There’s an article in TODAY reporting how cabbies are crying foul over the aggressive marketing methods of Uber. According to the report, “Uber’s ambassadors have been offering promotion codes for free Uber rides in the vicinity of taxi stands”. These tactics are apparently legal as they do not count as touting.
Unsurprisingly, this “outrage” has prompted National Taxi Association adviser Ang Hin Kee to once again say that the government will ensure a level playing field for taxi drivers. He said, “We will ensure that while Singapore embark on creating innovative solutions to create more options for public transport, the drivers’ livelihoods are competed on a level playing field.” What terrible English! What does “livelihoods are competed on a level playing field” supposed to mean?
From all the various reports that have been popping up in the news these few months, it seems that the government’s idea of levelling the playing field is to impose stricter regulations on Uber-like apps.
But there are no indications that the government’s process includes looking at the broader benefits of Uber-like apps on consumers and the society in general. It seems that the government is pandering to the whining of cab drivers who have too much inertia to change – “We put in so much money and effort to be cab drivers! And we are doing a passable job. So we should hold back any innovation that benefits the consumers at our expense!”.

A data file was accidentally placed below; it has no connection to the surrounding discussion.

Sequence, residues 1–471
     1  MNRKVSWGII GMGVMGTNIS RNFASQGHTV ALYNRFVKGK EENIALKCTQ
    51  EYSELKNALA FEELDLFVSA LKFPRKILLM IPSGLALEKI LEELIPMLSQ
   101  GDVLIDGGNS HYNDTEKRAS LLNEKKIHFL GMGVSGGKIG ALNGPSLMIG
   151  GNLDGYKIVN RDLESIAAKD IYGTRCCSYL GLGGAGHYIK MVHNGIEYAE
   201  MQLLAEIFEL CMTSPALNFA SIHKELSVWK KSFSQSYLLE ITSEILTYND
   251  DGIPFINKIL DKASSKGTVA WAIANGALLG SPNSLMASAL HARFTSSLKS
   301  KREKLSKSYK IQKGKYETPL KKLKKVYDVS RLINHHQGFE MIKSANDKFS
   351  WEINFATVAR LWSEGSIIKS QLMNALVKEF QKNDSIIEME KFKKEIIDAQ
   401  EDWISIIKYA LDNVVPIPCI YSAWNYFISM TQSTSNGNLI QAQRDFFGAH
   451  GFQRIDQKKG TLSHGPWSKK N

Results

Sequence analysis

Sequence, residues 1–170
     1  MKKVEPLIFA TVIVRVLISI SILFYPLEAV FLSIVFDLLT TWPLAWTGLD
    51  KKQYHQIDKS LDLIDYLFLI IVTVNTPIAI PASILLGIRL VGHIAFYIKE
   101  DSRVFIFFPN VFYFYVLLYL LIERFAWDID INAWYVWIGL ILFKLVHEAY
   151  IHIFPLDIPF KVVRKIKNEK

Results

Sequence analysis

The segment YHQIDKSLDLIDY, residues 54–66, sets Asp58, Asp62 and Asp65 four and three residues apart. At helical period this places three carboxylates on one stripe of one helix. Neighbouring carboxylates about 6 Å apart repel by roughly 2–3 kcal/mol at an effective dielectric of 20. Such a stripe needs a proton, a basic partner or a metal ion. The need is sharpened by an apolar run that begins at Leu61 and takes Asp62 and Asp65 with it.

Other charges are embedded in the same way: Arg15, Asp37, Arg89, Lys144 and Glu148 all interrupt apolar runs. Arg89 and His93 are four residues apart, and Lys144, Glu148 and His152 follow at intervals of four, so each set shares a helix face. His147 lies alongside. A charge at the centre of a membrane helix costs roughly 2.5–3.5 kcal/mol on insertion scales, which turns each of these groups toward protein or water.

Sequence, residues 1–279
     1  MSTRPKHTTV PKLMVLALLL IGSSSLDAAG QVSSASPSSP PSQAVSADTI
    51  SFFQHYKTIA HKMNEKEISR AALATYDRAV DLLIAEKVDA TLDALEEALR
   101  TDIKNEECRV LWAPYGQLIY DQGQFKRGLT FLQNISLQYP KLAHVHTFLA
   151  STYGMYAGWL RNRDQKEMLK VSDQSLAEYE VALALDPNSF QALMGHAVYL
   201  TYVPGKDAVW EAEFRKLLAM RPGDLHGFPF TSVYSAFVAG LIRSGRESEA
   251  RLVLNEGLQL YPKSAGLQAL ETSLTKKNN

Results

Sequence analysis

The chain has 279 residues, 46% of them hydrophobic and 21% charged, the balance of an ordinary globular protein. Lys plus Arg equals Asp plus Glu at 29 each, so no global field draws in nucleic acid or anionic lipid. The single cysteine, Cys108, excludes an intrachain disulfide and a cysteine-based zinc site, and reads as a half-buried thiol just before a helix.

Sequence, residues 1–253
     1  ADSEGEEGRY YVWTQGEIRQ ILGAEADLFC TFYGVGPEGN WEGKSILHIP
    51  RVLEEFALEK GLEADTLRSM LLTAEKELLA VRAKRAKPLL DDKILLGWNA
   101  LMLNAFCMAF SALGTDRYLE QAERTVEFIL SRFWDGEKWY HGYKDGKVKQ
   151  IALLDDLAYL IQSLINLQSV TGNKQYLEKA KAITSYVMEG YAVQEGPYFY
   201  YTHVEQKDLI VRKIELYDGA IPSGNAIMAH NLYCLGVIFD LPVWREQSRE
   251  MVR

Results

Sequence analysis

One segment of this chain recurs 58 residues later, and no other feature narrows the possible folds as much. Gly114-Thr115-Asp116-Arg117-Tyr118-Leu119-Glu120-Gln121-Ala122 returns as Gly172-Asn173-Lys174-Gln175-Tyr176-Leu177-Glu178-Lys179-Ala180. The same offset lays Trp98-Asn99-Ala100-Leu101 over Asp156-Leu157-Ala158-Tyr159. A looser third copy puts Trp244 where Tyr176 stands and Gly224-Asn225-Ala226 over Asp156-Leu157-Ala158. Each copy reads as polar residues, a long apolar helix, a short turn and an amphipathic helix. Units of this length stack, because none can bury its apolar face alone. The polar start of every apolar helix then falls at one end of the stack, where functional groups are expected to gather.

Rather, I think the government should be have a mindset of “Hey, there are these new competitors! How do we help cab drivers improve their quality of service so that consumers will choose cabbies over the new competitors?” Wouldn’t that be the best way to truly safeguard the interests of those who really matter – the drivers and the consumers?
But no. That doesn’t seem to be the principal consideration of the government. Instead, one might get the impression that any new regulations are ostensibly to protect the interests of cab drivers. But taxi drivers could switch to UberX and GrabCar any time. So in reality, it seems that the government is most interested in protecting the interests of cab companies.
Why? Because the biggest taxi companies are government linked companies. They have a rent-seeking mentality, grown too comfortable from being sheltered by favourable government policies and, as a result, risk averse and lacking the drive to innovate. Is it a wonder then that they are now crying foul and asking big daddy government to come rushing in to rescue them?
It’s getting lame. To think that there’s so much talk about the need for innovation. The government should just come out and say, “Hey guys. Shut up with the whining already. Let’s come together to think of innovative ways to LEVEL UP our service standards so that we can beat these new competitors!”. And do so in no uncertain terms. If not, we can forget about being ready for the future. Because the future is already here. And it’s beating the crap out of us.
[Featured Image: Reuters photo]